Shares of Men's Wearhouse fell about 1 percent on Monday after Jos. A. Bank rejected its offer, the latest move in a protracted battle between two retailers intent on playing the lead role in the creation of a combined entity. (Click here for the latest quote.)
"I expect this tug-of-war to persist for some time," Anthony Michael Sabino, a professor at St. John's University's Peter J. Tobin College of Business, told Reuters.
(Read more: Men's Wearhouse proposes to acquire Jos. A Bank)
Fremont, California-based Men's Wearhouse last month offered $55 per share for Jos. A. Bank, turning the tables on its smaller rival only weeks after Jos. A. Bank had bid for Men's Wearhouse.
The retaliatory offer from Men's Wearhouse—an unusual tactic known as the Pac-Man defense after a 1980s videogame—followed pressure to merge from its largest shareholder, New York-based hedge fund Eminence Capital.
Jos. A. Bank, a century-old seller of men's tailored and casual clothing, said it would consider "strategic acquisition opportunities" but did not give details.
Last month's retaliatory offer from Men's Wearhouse followed pressure from its largest shareholder, New York-based hedge fund Eminence Capital.
Eminence, along with other hedge funds that hold around a third of Men's Wearhouse shares, had tried to convince other investors to pressure the company into accepting the takeover offer from Jos. A. Bank.
(Read more: Holiday shoppers buy less on last weekend)
"Men's Wearhouse offered a very fair deal that provides certainty of value for a business in Jos A. Bank that has an uncertain future, given competitive forces and limited growth prospects," Brian Sozzi, chief executive of Belus Capital Advisors, told Reuters on Monday.
A combined company would have 1,700 stores that sell suits and rent tuxedos, a scale that has in the past raised antitrust questions about a merger.
In a statement on Monday, Jos. A. Bank said its board had unanimously rejected the offer.
"Our board undertook a thorough review and determined that the per-share consideration in the proposal made to us by Men's Wearhouse was simply not in the best interest of our shareholders," said the company's chairman, Robert Wildrick.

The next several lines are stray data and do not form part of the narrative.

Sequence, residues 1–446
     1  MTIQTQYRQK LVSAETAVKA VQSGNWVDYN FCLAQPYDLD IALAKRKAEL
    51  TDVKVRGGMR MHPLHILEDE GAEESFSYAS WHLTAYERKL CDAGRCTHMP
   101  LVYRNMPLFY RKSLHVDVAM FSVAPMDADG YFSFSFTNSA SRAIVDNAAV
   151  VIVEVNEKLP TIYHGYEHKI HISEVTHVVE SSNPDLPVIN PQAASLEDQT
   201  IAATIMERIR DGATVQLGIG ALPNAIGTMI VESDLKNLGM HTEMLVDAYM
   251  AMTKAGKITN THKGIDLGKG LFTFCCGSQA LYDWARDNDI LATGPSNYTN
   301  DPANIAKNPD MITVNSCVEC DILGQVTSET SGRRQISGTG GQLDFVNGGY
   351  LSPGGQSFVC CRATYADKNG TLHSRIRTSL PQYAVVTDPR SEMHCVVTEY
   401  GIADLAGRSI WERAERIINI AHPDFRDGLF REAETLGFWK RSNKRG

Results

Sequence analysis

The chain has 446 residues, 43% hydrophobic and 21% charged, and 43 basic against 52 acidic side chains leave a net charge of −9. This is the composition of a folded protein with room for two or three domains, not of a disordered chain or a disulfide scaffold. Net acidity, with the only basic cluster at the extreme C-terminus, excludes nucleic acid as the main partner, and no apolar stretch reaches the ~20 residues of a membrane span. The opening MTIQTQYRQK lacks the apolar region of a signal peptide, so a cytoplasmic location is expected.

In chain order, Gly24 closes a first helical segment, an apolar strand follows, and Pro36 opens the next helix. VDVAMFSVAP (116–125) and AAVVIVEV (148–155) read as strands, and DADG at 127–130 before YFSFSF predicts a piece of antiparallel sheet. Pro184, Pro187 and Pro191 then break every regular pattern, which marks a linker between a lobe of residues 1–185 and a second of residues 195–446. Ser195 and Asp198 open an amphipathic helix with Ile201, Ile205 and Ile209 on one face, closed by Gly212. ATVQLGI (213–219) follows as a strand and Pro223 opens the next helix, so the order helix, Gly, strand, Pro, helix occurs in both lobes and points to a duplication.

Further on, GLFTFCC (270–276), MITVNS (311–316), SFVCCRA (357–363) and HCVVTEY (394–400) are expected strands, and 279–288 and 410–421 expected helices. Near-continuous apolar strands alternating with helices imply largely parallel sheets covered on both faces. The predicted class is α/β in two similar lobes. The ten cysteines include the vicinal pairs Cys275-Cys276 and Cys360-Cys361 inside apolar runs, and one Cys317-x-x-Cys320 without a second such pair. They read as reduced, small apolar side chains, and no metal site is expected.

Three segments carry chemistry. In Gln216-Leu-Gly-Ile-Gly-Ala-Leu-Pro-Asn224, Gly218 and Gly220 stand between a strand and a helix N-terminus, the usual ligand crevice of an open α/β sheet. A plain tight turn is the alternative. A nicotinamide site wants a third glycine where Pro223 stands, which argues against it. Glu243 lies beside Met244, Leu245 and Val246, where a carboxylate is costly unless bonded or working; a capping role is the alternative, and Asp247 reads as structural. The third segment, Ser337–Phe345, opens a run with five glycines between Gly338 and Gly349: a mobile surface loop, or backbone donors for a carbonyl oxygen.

Within two hours, Men's Wearhouse issued a statement expressing its "surprise" at the rejection, adding that it would consider all of its options "to make this combination a reality."
Men's Wearhouse said it would consider nominating director candidates at Jos. A. Bank's next annual shareholders' meeting. The date of this meeting has not yet been announced.
"Each company is stubbornly holding on to its independence, and neither has made an offer that overwhelms its target's shareholders," Sabino said.
"The game changer will be in the New Year, when we see their respective results for the holiday season."
Jos. A. Bank, a century-old seller of men's tailored and casual clothing, said in the statement it would consider "strategic acquisition opportunities" but did not give details.
"Jos. A. Bank has been perusing other alternatives for 10 years, so I question the attractiveness of other alternatives," Stifel Research analyst Richard Jaffe told Reuters.
"The initial rejection by Jos. A. Bank was the appropriate decision, and perhaps a negotiating tactic," he said.
Jos. A. Bank, which has more than 600 stores in the United States, said this month that its comparable-store sales rose in November after its discounts won favor with shoppers.
Men's Wearhouse operates more than 1,100 stores under the Men's Wearhouse, Moores and K&G banners.
Third-quarter comparable store sales at the company's Men's Wearhouse stores—which account for about two-thirds of total sales—rose 2.6 percent.
The last person to push Men's Wearhouse to sell itself was its founder, George Zimmer, known to U.S. television audiences for his advertising catch phrase, "You're going to like the way you look—I guarantee it."
(Read more: Lavish holiday gifts for the super rich)
Zimmer was ousted in June after arguing for a sale of the company to an investment group. At the time, he accused the board of trying to silence him for expressing concerns about the direction of the company he founded 40 years ago.
Brian Sozzi, chief executive of Belus Capital Advisors, said he believed the latest offer by Men's Wearhouse was a "very fair deal" that would provide a degree of certainty for Jos A. Bank in a business with limited growth prospects.
"When the team at Jos A. Bank moves beyond its eggnog-induced hangover and hurt feelings, I suspect the two companies will merge as it's necessary to prepare both businesses for the future of retailing," he said.
Men's Wearhouse shares were down 0.9 percent at $51.54 on the New York Stock Exchange. Jos. A. Bank's Nasdaq-traded stock was down 0.7 percent at $56.64, but still above the offer price of $55. (Click here for the latest quote.)